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Has the bahubali returned from political wilderness?

By Aditi Phadnis
May 21, 2016 13:12 IST
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There is a chance that Mohammad Shahabuddin, as and when he is out of jail, will wield considerable influence on politics in Bihar... just like he did under an earlier dispensation, says Aditi Phadnis.

Mohammad Shahabuddin's appeal is pending in a higher court and thus "his politics should not be dismantled because the Bharatiya Janata Party desires so in the brazen absence of any legitimate political instrument."

At least that was how the Rashtriya Janata Dal justified the inclusion of Mohammad Shahabuddin (or Shahabu Bhaiyya, as he is called in Siwan district) in the RJD national executive two months ago.

A year ago, a Siwan court sentenced the former member of Parliament and three others to life imprisonment in a 2004 double murder case.

Satish Raj, 25, and Girish Raj, 20, sons of a businessman, were abducted and killed on August 16, 2004. They were drenched in acid before being killed. Rajesh Roshan, the third brother of those killed, escaped and was an eyewitness. He was gunned down in 2014, three days before he was to give testimony in court.

Shahabuddin is fighting at least half a dozen cases of attempted murder, including firing on a police officer and preventing him from carrying out his duties. He has been acquitted in 14 cases of heinous crime because the witnesses suddenly -- and overnight -- turned hostile.

Siwan borders Gopalganj, the village of Lalu Prasad's in-laws. Rabri Devi's brother Sadhu Yadav was elected to the Lok Sabha from this constituency.

It was Lalu Prasad who gently encouraged the growth and development of Shahabuddin in Siwan. Shahabuddin represented Jiradei in the Bihar legislative assembly before he became Prasad's official RJD candidate for the Siwan Lok Sabha seat in 1996.

If you live by the sword, you must be prepared to die by it. Prasad may have thought that in an area that has 20 per cent Muslims, it wasn't a bad idea to encourage the emergence of a strongman (bahubali -- the word defies translation).

Shahabuddin set himself up as Robin Hood.

Have a marriageable daughter but have no money to get her married? Enter Shahabu Bhaiyya.

Need medical assistance? Shahabu Bhaiyya will fund you and, if necessary, kidnap the doctor and bring him to your doorstep.

In return, Siwan was a tightly sewn-up town where you could not talk about Shahabuddin because you were never sure who was listening.

A reporter says he went in search of a story on Shahabuddin and while driving through Siwan stopped at a pan shop to ask the owner what he thought of the bahubali. The man just shook his head. Suddenly a bunch of muscular men drove up on motorcycles. They had to do nothing -- just stand there and look threatening.

As Shahabuddin's fame spread far and wide, Prasad began getting a bit tired of him. He was becoming just too ambitious. He needed Prasad's backing to rake in the Other Backward Classes vote.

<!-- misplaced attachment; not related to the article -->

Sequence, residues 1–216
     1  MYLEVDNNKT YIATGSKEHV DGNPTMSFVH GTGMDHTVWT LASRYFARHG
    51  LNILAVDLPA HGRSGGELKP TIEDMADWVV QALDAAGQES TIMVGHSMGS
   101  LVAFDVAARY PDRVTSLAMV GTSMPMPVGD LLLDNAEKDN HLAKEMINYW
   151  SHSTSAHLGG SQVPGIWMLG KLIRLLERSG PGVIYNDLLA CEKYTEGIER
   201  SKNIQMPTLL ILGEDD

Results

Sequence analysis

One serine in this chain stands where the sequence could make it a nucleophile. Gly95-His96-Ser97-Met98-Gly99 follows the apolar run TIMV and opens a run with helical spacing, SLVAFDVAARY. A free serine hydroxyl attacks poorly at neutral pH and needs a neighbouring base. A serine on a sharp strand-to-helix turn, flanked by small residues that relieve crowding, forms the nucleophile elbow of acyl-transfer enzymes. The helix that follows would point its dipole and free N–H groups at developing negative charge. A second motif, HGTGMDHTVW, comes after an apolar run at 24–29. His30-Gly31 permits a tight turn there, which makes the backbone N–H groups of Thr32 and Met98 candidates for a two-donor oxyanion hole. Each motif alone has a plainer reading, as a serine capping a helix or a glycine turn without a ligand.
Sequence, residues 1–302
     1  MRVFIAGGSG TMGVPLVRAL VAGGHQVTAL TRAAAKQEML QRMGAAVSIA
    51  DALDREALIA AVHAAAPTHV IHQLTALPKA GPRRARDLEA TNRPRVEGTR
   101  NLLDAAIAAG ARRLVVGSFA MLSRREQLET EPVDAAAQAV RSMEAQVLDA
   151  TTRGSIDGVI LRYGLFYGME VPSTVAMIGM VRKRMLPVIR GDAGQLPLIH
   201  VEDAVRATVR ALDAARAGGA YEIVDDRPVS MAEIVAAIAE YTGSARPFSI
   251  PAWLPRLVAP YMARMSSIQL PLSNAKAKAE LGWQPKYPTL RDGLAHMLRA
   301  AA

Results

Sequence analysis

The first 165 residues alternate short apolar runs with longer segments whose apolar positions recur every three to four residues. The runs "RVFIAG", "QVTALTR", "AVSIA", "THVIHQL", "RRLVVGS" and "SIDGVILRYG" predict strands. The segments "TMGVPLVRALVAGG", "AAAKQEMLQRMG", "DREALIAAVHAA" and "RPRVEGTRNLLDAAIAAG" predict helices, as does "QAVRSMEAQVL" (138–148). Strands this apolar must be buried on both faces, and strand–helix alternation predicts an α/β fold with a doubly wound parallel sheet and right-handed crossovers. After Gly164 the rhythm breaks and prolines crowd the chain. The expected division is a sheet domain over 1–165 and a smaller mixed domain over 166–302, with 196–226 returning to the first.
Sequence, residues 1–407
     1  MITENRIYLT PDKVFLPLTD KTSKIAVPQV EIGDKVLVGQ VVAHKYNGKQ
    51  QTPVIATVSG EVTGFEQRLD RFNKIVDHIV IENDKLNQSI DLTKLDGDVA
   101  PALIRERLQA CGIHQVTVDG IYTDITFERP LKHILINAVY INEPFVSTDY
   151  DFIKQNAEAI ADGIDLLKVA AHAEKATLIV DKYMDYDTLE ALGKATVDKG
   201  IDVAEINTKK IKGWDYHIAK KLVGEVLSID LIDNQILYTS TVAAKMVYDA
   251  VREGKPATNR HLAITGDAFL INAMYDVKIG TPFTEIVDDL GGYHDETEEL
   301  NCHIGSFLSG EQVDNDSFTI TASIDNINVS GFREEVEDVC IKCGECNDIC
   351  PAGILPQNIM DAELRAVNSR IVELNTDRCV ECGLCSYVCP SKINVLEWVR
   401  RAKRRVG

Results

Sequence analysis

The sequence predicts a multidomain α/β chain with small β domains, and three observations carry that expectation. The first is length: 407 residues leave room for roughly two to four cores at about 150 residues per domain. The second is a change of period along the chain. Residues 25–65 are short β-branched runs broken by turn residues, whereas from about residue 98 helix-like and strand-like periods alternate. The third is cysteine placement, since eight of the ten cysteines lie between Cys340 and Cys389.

On the other hand, he was becoming too intrusive: He even worked against Sadhu Yadav in the election to the legislative council. Shahabuddin won the Siwan Lok Sabha constituency in 1998, 1999 and 2004.

Suddenly things changed. The police got the green light to proceed against him. Shahabuddin's decline started during President's rule in 2005 when a young IAS officer, C K Anil, took over as Siwan district magistrate. With police muscle from Superintendent of Police Ratn Sanjay, the two officers pushed Shahabuddin into the waiting arms of jail.

His home was raided and on the basis of recoveries, case after case was slapped on him. These were in addition to the ones already pending against him.

Screws kept tightening on Shahabuddin with the Anil-Sanjay duo at the helm in Siwan. And by the time they were transferred, the government in Patna had changed.

Special courts were formed for speedy trial of the cases against him. By the time Nitish Kumar came in office, the state had reasserted its authority and Shahabuddin was the cameo for the kind of person the administration headed by Kumar was trying to put away.

And then, Nitish Kumar made up with Lalu Prasad, fought the election jointly and won. Lalu Prasad was once again a larger than life influence on the government.

Shahabuddin was given bail in the Satish Raj-Girish Raj murder case in March. The state tried, but could not prevent bail. He is still in jail because of other cases against him.

As and when he is out, will he become a pole of power once again?

Already, the widow of Rajdeo Ranjan, the journalist who was gunned down, has said that those who killed him had a connection with someone in jail.

Upendra Singh, who has links with Shahabuddin, has been detained for the last two days in connection with the Hindustan newspaper's Siwan bureau chief's murder. Singh is an active RJD member.

Is Bihar once again a case of the more things change, the more they remain the same?

IMAGE: Mohammad Shahabuddin, far right, then a Rashtriya Janata Dal MP, feeds sweets to RJD chief Lalu Prasad Yadav.

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Aditi Phadnis
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